The information below discusses the usual elements of a contract, but keep in mind each individual institute will have its own specific contract. Be sure that all of your concerns are addressed in the contract and your questions answered so that both parties have the proper expectations.
Contracts are between you and the institute which (sponsors your visa)
and are generally quite similar among school
The majority of salaries in Korean schools range from 1.9 million won per month to 2.3 million won per month.
Overtime refers to teaching hours you undertake above the monthly number of hours detailed
in your contract. It’s normally 120 teaching hours per month. In the majority of schools, you
won’t teach 120 hours every month.
When you finish a full one-year contract, you receive an extra 1 month`s salary.
No severance/bonus will be paid for periods of employment less than one year.
This extra payment is legally owed to you.
Employee will be covered by medical benefits under the Korean Medical Insurance Union,
a Government Health Organization. The costs of this coverage will be borne half by employer
and half by employee (About 2% from your salary). Make sure you ask your school about
this when you arrive. It’s important to get your medical insurance up and running right away.
This is paid by the school and is part of your package. It is generally prepaid by private
schools while public boards tend to have reimbursement policies in place.
All the contracts we offer include rent-free housing. To avoid the many problems related to trying
to find accommodation, the school will arrange a studio apartment for you. Its generally semi
furnished with the basic to get you started and to get you settled in. Utility bills and management
fees are of course the teacher`s responsibility. Some schools do take a deposit for the teachers’
initial month or first few months’ salary as security for any unpaid bills. It will be returned in full at
the end of your contract.
Teachers are normally entitled to all the same national holidays that are observed by the rest of
the staff at the school and an additional 10 working days (paid holidays). Total holidays between
national holidays and paid holidays amount to about 4 weeks’ vacation.
Can can expect the following deductions from your salary;
Income tax (3-4% of salary),
Resident tax (10% of the income)
National plan contributions (4.5% of salary), and
National health insurance premiums (2% of salary).
Some nationalities can reclaim the pension contribution in full when they leave Korea. Please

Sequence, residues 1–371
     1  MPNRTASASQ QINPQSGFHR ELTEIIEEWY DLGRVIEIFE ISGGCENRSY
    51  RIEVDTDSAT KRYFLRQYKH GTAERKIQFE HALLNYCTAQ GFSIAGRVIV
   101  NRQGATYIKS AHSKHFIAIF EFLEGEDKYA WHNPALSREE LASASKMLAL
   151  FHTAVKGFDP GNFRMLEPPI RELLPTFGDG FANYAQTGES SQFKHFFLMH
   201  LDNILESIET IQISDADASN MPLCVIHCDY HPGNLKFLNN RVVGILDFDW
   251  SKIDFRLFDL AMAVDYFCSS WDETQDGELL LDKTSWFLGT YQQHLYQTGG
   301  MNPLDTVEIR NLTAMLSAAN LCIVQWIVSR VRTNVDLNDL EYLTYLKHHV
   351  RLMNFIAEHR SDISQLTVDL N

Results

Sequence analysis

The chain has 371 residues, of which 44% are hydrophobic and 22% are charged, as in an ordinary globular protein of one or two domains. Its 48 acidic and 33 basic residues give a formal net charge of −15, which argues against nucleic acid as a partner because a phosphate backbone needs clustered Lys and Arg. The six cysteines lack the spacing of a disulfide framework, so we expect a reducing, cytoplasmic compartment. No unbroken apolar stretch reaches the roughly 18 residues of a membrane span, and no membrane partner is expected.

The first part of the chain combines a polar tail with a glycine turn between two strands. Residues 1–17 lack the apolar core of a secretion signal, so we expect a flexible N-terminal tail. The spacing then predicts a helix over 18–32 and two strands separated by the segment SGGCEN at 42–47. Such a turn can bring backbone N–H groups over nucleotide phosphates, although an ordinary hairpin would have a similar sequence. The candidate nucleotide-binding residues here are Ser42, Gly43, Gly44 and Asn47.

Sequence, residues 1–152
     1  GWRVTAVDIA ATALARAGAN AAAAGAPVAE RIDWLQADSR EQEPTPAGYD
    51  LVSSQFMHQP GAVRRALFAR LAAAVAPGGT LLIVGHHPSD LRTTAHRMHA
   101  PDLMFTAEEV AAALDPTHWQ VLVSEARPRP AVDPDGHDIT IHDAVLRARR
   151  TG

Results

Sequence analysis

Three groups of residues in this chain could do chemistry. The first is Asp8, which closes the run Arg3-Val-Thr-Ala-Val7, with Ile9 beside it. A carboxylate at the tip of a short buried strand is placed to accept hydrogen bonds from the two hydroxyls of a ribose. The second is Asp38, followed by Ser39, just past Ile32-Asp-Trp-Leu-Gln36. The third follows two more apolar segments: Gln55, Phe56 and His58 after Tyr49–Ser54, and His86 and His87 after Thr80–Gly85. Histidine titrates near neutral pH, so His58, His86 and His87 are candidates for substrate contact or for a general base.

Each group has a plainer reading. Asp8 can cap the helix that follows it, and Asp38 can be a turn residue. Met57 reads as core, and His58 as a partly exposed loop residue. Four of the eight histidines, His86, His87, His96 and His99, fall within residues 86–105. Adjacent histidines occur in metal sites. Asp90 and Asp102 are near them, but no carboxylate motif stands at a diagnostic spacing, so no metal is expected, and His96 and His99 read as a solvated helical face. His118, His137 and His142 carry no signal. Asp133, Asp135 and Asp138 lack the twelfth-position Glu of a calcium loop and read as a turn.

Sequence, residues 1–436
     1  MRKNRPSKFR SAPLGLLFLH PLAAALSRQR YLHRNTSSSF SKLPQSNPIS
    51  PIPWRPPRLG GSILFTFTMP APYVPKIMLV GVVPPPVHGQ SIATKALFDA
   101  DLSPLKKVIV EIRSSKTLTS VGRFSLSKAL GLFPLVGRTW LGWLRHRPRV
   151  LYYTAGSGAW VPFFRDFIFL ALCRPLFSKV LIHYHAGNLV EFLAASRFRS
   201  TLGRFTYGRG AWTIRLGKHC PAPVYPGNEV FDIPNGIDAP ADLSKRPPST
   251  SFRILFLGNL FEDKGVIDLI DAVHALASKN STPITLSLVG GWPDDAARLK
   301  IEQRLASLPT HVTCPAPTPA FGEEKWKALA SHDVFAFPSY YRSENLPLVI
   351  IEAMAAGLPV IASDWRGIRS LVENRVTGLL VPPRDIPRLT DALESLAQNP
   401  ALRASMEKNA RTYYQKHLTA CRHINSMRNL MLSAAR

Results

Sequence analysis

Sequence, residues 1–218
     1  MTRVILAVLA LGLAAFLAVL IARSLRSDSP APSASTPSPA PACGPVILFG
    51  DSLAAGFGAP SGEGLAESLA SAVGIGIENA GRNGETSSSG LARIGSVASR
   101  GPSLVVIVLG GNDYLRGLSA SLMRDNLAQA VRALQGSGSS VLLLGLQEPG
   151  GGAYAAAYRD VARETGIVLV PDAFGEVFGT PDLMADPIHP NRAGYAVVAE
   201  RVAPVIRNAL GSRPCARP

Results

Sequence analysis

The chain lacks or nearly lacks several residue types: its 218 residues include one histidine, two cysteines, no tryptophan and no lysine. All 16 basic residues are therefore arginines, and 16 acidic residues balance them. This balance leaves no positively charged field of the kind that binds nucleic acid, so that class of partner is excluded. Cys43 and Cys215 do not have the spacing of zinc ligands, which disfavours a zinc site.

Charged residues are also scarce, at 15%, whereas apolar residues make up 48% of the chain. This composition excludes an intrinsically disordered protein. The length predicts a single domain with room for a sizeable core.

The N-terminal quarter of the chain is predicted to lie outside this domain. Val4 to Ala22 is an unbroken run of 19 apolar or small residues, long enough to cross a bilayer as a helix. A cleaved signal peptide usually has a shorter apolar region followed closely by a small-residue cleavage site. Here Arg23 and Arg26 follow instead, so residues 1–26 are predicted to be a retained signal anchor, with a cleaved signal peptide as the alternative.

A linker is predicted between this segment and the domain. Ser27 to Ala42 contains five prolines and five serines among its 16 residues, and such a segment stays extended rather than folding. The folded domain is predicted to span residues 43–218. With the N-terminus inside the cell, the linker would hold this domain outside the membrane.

check with your own embassy in South Korea. The reality however is that your school may only
collect 4-7% tax from your salary as well as not charging you pension contributions so the figures
listed above are at the higher band.
English teachers are usually allowed 3-6 days of paid sick/emergency leave. Legally,
for any sick day taken, your employer can deduct a day`s salary unless you present a sick
cert from your doctor. Unused sick leave cannot be taken as vacation time and is usually not
compensated. Please note that Sick days and emergency leave vary from contract to contract
Contracts are one year in duration, commencing the day you start teaching. While you’re contract
is initially one year, it is generally renewable if you so wish to stay on as some teachers do.
Others may wish to try other locations and schools in Korea for a change in scenery. Our team
are on hand to offer advice on renegotiating your contract to to assist you in finding a new
The work week is generally from Monday to Friday.
By contract, you are contracted for 120 teaching hours per month. That works out at about 6 hours
per day, and includes lunch and some preparation work; you’re looking at a normal working day.
However, most teachers don’t have 120 hours classroom time every month, as classes and
student schedules are always changing. You are more likely to find some months are slower than
others. Classes can be from 40mins to 1 hour in duration depending on the institute.
The majority of teaching positions are for students in the age range of 5years to 12 years old
(Kindergarten, Elementary and Middle School) There are also some High school and Adults
teaching positions. You will generally find yourself in front of a class of about 5-12 students.
Kindergarten classes are generally in the morning and elementary and middle school classes
are in the afternoon.
You will share your class or more often now you will have a call before or after your co teacher
who is also Korean, before or after your class. Whether you share the class room or on after
each other’s classes, you will work closely together when lesson planning. Your co-teacher
will be a great resource to you as they can help with some translations and support you in
any way they can, and vice versa. It’s good to build a strong rapport with your co teacher.
Your school will provide you with textbooks appropriate to the student`s age and English level.
Most textbooks cover conversational, grammar, reading comprehension, writing and phonics;
using common everyday situations to present the material (i.e. At the supermarket). Some school
ask you to follow a certain format or lesson plans provided with the course books for their
program but most have a more flexible program giving you, the teacher more freedom to present
the material as you see best. Teachers have access to all teaching materials and resources and
are not required to bring their materials but if you have some of your own books and teaching
aides, please feel free to bring them. Also if you play a musical instrument, or have other such
talents that you feel could be incorporated into making your lessons more fun, please feel free to
bring them and speak to your course director about incorporating into your lessons.
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